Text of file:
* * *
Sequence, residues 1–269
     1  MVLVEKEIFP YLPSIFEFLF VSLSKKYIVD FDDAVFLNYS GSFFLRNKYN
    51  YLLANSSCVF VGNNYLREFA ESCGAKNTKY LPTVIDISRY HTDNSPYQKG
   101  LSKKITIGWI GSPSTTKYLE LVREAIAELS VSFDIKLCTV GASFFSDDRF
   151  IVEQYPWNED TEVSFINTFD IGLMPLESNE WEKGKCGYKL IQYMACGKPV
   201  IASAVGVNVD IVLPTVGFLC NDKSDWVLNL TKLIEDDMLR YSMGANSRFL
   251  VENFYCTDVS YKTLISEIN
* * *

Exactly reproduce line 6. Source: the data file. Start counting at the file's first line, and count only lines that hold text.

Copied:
   201  IASAVGVNVD IVLPTVGFLC NDKSDWVLNL TKLIEDDMLR YSMGANSRFL